Late last month, in a narrow bylane in Pune, product designer Siddhartha Joshi met a 15-year-old behrupiya or traditional impressionist named Rajesh. A Class 8 dropout, he was one of the last few in his community still practising his craft, impersonating policemen, politicians and even close relatives at social events, creating chaos as a form of entertainment. If people fall for their tricks, the behrupiya is paid; if they don't, he must leave empty-handed.
Joshi shared Rajesh's photograph and life story on his Instagram account, and got more than 500 Likes and comments in one day. This image is part of Joshi's photo-stories initiative titled Tell Me Your Dream 2015. It is a 365-day project, launched on January 1, that has him asking tailors, vendors, mechanics and others from across the country to share their dreams on the social networking site. "Rajesh's dream is to work in a hotel and not do what he is currently doing," says Joshi, 34, who travels frequently and takes his pictures on his travels.
Over the past six months, a growing number of young artists, poets, writers and animators from across the country have taken to Instagram to tell stories of places, people, and social issues through photographs and photo-driven posts.
Pranita Kocharekar, 23, a freelance illustrator and artist based in Mumbai, released a short children's story on Instagram about a whale who is teased by people because he is 'fat'. The tale, released on April 15, is told through 11 black-and-white illustrations.
"I want to be a children's book illustrator and publish children's stories that send out a message," says Kocharekar. Her first experiment on Instagram gave her a chance to build her brand and proved to be a good learning opportunity. She had people point out a few errors and mothers talk about how their kids loved the story.
Kusha Verma, 20, a final-year economics student at Delhi University, joined the site eight weeks ago to upload her poems, thoughts on feminism and love, superimposed on plain backgrounds. She has 2,264 people following her posts. "Instagram has moved beyond just personal pictures. It is about sharing your talent in ways that you couldn't before," she says. "The response to the blog I created in November was limited. Here, I am connecting with other writers and have expanded my audience. This helps me judge people's acceptance of my writing."
Anahita Fotedar, 31, an architecture student from Gurgaon, had to build a portfolio of her work spanning four years of study. While in the process of sorting out her photographs, it struck her that she could upload them on Instagram. She spoke to four writers whom she met via Twitter and Instagram and they collaborated to create the Mayhem series. Fotedar supplies the photos and the writers weave stories around them. The first part of the series featured nine images and seven stories about the seven deadly sins of wrath, greed, sloth, pride, lust, envy, and gluttony. The ongoing second part will centre on relationships.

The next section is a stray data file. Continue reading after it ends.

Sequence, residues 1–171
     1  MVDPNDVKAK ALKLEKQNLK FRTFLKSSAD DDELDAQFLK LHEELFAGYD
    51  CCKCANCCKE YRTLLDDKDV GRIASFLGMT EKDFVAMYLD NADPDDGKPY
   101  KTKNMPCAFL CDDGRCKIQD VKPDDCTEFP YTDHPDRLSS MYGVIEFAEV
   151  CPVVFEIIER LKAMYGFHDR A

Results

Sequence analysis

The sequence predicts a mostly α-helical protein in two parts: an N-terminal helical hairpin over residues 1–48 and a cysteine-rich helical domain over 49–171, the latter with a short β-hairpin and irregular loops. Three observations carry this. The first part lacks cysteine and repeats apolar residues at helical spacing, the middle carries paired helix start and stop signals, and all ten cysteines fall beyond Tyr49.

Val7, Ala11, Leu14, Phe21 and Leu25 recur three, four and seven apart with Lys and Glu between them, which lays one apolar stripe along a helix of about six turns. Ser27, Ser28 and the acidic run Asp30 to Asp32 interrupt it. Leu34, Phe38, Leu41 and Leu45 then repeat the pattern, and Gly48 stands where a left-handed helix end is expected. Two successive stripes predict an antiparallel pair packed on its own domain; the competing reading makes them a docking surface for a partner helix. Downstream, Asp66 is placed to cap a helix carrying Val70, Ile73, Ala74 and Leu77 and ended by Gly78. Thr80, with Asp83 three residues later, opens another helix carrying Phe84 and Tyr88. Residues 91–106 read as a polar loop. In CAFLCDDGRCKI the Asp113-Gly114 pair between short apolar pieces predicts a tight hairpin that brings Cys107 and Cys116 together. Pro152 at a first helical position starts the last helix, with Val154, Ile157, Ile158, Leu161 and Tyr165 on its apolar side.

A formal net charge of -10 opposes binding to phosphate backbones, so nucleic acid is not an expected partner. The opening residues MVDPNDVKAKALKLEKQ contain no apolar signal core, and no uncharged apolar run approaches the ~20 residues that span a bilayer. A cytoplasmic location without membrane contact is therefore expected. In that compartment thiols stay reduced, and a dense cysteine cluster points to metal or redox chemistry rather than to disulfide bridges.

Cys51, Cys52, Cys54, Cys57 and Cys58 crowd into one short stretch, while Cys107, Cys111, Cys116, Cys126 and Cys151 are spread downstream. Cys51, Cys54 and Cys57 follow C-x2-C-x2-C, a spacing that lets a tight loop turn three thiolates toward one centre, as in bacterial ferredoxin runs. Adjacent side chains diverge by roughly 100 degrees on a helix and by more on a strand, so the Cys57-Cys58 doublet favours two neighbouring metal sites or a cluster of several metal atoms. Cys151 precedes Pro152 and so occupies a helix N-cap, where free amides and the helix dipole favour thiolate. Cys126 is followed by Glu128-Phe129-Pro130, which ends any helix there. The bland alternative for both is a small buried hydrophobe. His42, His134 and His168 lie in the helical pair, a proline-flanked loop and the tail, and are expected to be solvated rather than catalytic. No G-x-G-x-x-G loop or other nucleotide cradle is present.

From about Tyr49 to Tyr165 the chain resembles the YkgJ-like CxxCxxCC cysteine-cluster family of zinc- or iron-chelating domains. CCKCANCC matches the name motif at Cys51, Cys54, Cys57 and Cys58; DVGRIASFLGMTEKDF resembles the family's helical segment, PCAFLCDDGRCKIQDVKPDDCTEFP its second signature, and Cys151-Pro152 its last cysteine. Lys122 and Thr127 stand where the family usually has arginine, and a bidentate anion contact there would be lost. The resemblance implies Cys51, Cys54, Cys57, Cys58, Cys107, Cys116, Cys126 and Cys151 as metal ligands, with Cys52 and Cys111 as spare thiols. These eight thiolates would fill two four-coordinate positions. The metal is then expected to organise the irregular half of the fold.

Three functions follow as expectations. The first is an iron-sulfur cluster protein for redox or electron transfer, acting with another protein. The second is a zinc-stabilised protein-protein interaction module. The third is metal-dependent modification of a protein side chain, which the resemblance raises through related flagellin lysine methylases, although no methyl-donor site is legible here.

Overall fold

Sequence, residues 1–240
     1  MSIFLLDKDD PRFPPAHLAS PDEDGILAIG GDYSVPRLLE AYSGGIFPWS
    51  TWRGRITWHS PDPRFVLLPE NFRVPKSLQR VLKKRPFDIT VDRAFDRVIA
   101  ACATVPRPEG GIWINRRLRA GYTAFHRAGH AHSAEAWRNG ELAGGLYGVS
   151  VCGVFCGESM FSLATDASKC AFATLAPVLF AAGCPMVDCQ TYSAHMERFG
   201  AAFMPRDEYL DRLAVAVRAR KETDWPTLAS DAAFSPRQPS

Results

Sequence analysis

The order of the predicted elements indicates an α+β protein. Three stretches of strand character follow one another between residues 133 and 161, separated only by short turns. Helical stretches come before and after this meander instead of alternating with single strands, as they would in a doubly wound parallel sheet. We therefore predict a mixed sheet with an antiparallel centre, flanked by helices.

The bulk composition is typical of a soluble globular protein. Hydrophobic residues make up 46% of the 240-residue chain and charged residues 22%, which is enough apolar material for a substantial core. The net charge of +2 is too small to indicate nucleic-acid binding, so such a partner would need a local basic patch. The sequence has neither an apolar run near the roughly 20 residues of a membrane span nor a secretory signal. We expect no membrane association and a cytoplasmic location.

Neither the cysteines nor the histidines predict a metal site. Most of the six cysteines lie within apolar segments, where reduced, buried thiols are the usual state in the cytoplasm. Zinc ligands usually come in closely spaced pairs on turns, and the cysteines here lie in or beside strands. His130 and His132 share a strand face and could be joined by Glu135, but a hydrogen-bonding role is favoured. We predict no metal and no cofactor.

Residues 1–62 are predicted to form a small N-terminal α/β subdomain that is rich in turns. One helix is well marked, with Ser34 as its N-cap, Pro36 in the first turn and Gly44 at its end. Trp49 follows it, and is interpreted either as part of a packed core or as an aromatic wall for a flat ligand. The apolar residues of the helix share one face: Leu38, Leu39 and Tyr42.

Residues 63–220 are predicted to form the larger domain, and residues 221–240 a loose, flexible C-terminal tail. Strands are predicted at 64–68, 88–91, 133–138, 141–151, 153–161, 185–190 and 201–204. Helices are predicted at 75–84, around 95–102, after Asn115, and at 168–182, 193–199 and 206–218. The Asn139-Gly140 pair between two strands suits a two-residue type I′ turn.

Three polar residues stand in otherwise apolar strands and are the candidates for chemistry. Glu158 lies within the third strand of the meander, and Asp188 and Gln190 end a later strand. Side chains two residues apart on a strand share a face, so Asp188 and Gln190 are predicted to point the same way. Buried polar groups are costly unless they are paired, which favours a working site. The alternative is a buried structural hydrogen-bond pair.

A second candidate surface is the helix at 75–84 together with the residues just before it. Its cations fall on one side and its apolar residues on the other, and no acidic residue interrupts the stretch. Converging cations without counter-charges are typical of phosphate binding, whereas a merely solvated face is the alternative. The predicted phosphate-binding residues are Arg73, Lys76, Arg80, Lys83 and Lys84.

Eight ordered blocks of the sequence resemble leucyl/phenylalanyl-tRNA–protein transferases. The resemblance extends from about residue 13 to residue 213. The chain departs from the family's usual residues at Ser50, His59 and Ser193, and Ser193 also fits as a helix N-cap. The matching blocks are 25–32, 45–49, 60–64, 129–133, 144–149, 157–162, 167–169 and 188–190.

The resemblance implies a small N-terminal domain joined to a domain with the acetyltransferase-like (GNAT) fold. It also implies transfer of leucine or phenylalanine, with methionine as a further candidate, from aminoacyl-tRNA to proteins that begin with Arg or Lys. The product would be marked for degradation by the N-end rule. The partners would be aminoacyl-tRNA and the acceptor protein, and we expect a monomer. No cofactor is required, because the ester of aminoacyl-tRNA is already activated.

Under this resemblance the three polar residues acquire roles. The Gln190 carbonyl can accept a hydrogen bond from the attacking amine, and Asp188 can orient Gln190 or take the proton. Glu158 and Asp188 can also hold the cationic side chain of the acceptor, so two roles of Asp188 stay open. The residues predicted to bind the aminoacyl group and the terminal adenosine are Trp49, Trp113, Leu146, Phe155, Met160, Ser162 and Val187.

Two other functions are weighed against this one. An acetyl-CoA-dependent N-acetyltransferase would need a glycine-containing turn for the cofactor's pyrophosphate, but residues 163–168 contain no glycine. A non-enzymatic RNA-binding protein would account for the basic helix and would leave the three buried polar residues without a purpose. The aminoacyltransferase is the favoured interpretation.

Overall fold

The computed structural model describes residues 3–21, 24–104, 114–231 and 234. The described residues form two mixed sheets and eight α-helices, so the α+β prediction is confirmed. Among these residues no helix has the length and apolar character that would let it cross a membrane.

"You don't know your followers personally, so the criticism is honest and not filtered," says Fotedar. "The audience is big and appreciation is high."
Experts say this use of Instagram as a platform to reach out to a potential audience reflects how the ways in which people communicate are changing.
"Things are getting more visual-oriented," says Parag Gandhi, 34, director of the Mumbai-based digital agency Flying Cursor.
"A lot of people want to know about the story behind an image," adds Amit Panchal, 28, a digital marketing consultant at Ahmedabad-based Tatvic, which offers web analytics consulting services.
So where Instagram was once about focussing on the visual, it has now moved on to telling stories through images. This is what makes it an ideal platform for young artists looking for instant, mass feedback on their pictures and their writing.
Instagram has also become a common platform for people who share similar interests, even if it is just a hashtag, says Panchal.
For instance, Saundarya Srinivasan, 23, a front-office operator from Delhi, got featured as a 'suggested user' by Instagram in January for her poetry and thoughts on life. "That's when I realised that people actually do connect with captions," she says. This led Srinivasan to start the hashtag Captivating Captions, in February. "I created the hashtag to encourage other writers to share their thoughts and work on similar lines." Captivating Captions now features 3,000 images, each with an accompanying line or rhyme.
The success of Captivating Captions led Srinivasan's follower, Mumbai college student Neelomi Popat, 17, to start her own series, called Ink In My Veins. Popat joined Instagram last year and realised that a detailed quote with a caption got her pictures a better response.
"When I found Captivating Captions, it was like I found someone who thinks like me," says Popat. Ink In My Veins asks people to write about their experiences and emotions and how they connect with each image shared. "Instagram has proven to be the right platform for my ideas. There exists a support and a response system that no other medium has," she says.